This research study evaluated the current accuracy of the location information provided in Kentucky‟s crash data. Since the year 2000, the Kentucky Open Portal System‟s (KYOPS) eCrash form has included latitude and longitude data as well as the more traditional County, Route and Milepoint data (CRMP). The Kentucky Transportation Center conducted a research report in 2004 that evaluated the effectiveness of using latitude and longitude, or GPS, as a means to locate traffic crash data.1 This previous study found that both the CRMP and GPS location data had substantial problems resulting in the location data only being accurate about 50 percent of the time using either method. This research aimed to follow up that study since KYOPS has added a mapping system called MapIt that generates CRMP data as well as GPS data using a GIS-based interface allowing the user to click on a map using roadway names and milepoints as reference.

An evaluation of a random sample of crashes from 2009 was performed to assess the current accuracy of the crash data‟s location information. The location of the crash was compared to the presumed location using several report data elements such as nearest city, street address, roadway descriptions and the crash narrative. A second evaluation was performed on crash data since the MapIt system was introduced (in late 2007) through 2009. This analysis calculated the distance between the locations plotted by CRMP and by the GPS data and summarized the data by several factors.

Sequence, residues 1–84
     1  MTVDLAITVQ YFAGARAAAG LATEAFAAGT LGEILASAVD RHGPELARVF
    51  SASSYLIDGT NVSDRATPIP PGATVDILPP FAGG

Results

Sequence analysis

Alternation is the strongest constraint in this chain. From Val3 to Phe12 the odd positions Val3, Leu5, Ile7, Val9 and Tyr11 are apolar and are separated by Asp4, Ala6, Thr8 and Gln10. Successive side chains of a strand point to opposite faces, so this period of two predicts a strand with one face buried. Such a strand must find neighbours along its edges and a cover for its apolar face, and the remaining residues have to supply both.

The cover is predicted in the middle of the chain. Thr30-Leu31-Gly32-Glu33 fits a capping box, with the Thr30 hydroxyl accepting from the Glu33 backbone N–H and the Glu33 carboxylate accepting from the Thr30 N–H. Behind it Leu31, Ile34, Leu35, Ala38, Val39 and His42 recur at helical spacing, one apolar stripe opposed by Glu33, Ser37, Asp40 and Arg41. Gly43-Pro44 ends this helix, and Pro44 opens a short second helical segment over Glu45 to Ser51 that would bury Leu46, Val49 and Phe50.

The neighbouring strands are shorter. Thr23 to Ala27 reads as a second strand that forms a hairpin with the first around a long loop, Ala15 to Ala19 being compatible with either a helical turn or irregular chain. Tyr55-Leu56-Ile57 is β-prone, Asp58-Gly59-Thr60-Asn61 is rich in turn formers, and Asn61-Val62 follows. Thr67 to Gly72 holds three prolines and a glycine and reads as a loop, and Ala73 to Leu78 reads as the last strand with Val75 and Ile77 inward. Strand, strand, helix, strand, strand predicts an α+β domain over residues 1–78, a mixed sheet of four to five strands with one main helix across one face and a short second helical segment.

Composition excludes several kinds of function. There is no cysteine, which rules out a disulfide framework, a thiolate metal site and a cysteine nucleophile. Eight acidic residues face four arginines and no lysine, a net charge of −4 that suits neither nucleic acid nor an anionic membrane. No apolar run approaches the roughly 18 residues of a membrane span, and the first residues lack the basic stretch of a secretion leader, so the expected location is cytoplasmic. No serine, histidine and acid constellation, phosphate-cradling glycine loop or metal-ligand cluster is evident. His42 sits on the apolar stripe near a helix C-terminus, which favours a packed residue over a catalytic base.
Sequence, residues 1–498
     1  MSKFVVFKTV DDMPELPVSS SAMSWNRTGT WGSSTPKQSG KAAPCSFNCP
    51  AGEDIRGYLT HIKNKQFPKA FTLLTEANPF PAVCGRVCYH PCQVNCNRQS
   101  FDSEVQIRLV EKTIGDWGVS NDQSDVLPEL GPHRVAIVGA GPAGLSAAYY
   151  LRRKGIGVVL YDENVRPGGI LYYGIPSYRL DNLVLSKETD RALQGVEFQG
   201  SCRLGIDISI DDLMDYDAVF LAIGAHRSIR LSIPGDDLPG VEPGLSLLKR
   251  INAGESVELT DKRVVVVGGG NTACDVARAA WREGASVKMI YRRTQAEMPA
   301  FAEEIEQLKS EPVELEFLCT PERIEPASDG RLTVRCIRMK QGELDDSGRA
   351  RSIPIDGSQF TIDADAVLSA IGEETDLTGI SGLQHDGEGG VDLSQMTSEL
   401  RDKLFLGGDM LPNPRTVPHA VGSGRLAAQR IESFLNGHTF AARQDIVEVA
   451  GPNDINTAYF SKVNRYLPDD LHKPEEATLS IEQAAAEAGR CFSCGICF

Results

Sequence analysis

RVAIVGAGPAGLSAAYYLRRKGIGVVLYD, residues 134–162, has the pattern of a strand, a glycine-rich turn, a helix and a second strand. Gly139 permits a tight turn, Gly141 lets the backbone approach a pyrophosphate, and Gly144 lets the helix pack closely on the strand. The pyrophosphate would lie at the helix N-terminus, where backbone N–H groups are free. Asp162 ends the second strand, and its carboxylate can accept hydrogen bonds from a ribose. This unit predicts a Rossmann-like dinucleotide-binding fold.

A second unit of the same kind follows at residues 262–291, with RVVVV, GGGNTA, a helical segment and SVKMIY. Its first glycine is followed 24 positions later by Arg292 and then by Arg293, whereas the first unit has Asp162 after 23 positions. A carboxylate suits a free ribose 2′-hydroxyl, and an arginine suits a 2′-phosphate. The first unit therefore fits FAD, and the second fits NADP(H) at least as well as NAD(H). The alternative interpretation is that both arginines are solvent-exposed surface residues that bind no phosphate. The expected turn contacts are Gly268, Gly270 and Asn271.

The evaluation of the random sample of crash data revealed that the location information is accurate in a substantially higher number of records compared to the study five years ago (92 percent accuracy compared to about 50 percent). Furthermore, the evaluation of the 2007 through 2009 crash data yielded results that aided in making recommendations that will address the most egregious and frequent errors related to location data. For instance, some problems in the MapIt system were found that can greatly affect the CRMP and GPS location data. Finally a literature review based on national consensus was summarized to better describe where a crash should be located when a police report is completed.

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The contents of this report reflect the views of the authors who are responsible for the facts and accuracy of the data presented herein. The contents do not necessarily reflect the official views or policies of the University of Kentucky or the Kentucky Transportation Cabinet. This report does not constitute a standard, specification, or regulation. The inclusion of manufacturer names or trade names are for identification purposes and are not considered endorsements.